In the past few weeks I’ve made a concerted effort to track down a bottle of Three Ships 10 Year Old Single Malt, after reading good reviews and hearing about it’s recent awards at the IWSC. Scouring local bottle stores proved fruitless, so I turned to the web. After some deft keystrokes I found myself at the Aficionados website. Beautiful design, a nice range of whiskies, and more importantly, they had a bottle of the 10 Year Old in stock at a decent price! I will definitely be buying more whisky from them in the future.
A few clicks later, and my bottle was ordered. Being an impatient fellow, I called their number a day or 2 later to find out when I would be getting my precious whisky and left a message on the voicemail. I’m still waiting for my call to be returned, but the whisky arrived via courier the next morning, so I can’t complain too much! The whisky arrives in a limited edition collector’s tin which commemorates Bartholomew Diaz. Apparently the next two bottles will celebrate Vasco da Gama and Jan van Riebeeck – rounding out the Three Ships. A nice touch.
Of course, I couldn’t open the bottle by my lonesome as this called for a celebration, so I organised an impromptu Modderfontein Whisky Club (MWC) meeting at Ryan’s house as my place looks like a warzone (building renovations are not for the faint-hearted!).
At Ryan’s I met the newest member of the MWC, Ryan’s long-time friend Alistair Smith and his lovely wife and daughter. I knew Al was my kind of guy when he hauled out a hefty 1 litre bottle of Caol Ila 12 which we ended up putting a serious dent in. It turns out he’s been over to Scotland and toured the Glenfiddich distillery – lucky bugger! The Caol Ila and a delicious Laphroaig 10 formed the honour guard for this tasting session’s star: the Three Ships 10.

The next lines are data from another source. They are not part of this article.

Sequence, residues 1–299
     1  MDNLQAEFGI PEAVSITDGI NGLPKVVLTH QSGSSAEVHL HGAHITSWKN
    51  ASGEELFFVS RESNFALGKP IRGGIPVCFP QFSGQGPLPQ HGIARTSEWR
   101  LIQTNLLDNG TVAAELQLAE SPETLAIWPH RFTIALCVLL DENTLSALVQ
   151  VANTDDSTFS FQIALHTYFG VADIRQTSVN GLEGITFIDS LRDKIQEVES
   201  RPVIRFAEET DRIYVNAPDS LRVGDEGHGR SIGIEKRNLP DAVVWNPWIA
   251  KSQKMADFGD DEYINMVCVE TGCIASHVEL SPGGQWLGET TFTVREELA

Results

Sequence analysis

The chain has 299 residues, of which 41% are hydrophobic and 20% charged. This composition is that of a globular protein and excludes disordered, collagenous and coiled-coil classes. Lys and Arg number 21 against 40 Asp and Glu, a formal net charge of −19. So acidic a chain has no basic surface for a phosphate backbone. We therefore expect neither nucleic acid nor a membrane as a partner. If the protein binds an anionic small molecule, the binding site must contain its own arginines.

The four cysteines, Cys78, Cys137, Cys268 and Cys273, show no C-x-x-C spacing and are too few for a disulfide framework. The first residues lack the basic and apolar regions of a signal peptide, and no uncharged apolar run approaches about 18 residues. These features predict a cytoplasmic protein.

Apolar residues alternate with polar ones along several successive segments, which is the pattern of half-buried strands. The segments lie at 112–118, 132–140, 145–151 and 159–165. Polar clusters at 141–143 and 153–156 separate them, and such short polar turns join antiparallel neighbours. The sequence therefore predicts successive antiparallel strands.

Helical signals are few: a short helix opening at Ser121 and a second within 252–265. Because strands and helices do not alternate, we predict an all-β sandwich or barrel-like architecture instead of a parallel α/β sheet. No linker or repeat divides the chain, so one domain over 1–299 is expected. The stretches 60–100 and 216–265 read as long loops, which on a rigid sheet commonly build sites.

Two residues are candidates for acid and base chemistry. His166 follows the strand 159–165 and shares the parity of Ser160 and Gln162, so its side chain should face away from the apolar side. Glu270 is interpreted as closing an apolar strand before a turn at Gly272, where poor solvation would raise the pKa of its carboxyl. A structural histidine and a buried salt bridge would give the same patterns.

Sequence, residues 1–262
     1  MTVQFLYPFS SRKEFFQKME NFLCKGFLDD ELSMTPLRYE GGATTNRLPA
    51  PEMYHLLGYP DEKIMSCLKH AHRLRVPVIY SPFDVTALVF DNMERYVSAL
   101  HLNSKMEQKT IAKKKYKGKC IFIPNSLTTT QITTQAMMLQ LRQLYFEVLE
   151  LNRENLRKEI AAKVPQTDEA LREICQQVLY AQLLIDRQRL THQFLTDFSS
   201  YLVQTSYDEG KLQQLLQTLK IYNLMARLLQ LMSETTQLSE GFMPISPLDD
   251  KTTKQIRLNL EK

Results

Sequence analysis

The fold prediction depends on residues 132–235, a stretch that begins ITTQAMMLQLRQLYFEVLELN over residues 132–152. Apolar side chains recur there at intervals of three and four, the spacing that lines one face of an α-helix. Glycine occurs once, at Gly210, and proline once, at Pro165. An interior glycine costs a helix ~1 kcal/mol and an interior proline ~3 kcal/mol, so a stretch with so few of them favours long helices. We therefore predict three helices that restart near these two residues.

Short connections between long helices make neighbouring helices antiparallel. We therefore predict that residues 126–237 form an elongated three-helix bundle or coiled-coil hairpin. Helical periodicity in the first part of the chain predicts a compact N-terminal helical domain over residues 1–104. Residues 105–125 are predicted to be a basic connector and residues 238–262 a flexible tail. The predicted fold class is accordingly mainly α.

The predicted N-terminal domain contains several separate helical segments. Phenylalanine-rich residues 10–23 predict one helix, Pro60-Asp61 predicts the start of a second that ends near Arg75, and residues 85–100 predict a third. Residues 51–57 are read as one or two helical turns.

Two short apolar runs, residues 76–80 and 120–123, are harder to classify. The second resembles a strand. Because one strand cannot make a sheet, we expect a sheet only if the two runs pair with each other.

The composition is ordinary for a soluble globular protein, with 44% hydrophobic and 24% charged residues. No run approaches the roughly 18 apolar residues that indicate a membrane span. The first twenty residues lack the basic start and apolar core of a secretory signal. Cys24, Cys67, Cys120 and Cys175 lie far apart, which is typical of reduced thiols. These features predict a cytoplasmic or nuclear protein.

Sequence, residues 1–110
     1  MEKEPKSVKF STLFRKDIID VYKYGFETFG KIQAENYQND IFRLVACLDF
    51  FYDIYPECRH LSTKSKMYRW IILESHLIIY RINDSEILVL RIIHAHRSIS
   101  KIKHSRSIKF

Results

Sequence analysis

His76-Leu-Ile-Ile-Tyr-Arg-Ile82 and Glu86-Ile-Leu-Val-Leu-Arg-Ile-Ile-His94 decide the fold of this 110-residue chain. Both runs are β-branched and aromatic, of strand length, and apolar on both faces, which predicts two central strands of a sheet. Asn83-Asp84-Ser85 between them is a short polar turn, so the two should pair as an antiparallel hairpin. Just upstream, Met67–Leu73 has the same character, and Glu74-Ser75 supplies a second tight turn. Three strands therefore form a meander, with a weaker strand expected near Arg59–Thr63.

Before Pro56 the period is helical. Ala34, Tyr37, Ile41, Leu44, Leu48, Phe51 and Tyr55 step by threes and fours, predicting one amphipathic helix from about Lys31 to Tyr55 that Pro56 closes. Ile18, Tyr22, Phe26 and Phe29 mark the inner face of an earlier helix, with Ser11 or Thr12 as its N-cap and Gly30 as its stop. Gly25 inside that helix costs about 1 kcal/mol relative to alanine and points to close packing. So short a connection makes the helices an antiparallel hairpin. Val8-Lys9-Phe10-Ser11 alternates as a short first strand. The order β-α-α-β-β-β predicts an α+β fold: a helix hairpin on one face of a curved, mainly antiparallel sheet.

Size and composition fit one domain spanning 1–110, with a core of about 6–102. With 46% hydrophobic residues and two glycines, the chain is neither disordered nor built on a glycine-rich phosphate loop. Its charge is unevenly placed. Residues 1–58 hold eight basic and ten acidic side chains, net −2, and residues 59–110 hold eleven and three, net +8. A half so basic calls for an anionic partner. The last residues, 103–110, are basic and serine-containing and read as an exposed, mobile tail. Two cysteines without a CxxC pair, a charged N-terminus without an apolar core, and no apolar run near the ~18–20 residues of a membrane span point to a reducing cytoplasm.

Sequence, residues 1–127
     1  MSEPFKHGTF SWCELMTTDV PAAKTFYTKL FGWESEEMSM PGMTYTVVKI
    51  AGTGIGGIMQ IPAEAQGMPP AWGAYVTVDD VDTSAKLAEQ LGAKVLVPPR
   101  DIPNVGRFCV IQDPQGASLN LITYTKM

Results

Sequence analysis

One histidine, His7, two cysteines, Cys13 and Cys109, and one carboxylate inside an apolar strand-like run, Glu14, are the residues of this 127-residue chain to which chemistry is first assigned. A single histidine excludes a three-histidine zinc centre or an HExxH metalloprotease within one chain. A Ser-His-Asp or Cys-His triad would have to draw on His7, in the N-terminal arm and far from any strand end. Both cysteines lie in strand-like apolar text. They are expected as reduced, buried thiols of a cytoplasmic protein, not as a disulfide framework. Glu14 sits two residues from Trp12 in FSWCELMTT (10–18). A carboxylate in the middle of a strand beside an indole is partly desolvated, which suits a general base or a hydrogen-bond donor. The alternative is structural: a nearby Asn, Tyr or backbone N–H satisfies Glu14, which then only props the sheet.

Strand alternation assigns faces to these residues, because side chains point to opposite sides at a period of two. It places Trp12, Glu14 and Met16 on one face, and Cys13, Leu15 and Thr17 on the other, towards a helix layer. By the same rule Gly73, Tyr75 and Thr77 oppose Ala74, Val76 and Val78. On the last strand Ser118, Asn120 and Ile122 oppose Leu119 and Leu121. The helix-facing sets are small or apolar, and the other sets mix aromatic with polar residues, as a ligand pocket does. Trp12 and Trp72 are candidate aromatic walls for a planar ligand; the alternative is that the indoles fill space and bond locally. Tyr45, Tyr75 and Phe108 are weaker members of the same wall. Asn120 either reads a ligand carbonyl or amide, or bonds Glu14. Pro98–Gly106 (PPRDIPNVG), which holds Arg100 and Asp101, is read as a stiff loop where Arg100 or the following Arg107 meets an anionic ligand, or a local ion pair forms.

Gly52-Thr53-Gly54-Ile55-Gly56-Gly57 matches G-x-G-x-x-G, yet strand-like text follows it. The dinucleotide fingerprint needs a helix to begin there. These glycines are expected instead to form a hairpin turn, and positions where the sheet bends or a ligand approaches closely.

What a star it is too. A limited release bottling, the second release so far, that is well worth acquiring should you see it in your neck of the woods. So what is it like? There are far better tasters out there than me, but here goes: a slightly sweet/cereal taste with a gentle nudge of peat for good measure. The flavour lingers on the palate leaving you with a nice finish. A truly enjoyable dram as our whisky friends in Israel recently found out courtesy of Marc (a.k.a WhiskyBrother). I’m very impressed (and proud) of the whiskies the fine people at the James Sedgwick Distillery are producing. I hope to get down there for a tour someday.
Co-incidentally, we had a table of iconic South African morsels to enjoy alongside the whisky: Biltong (cured and dried meat – about a million times better than American “jerky”), koeksisters (a syrupy, braided pastry – very rich and sweet) and melktert (a.k.a. milktart – a shortcrust pastry base with a creamy/milk custard filling, with a sprinkling of cinnamon on top). Huge props to Ryan for making the biltong himself. It paired really well with the Islay drams.
Another great afternoon with good company and some fine whiskies. Sláinte!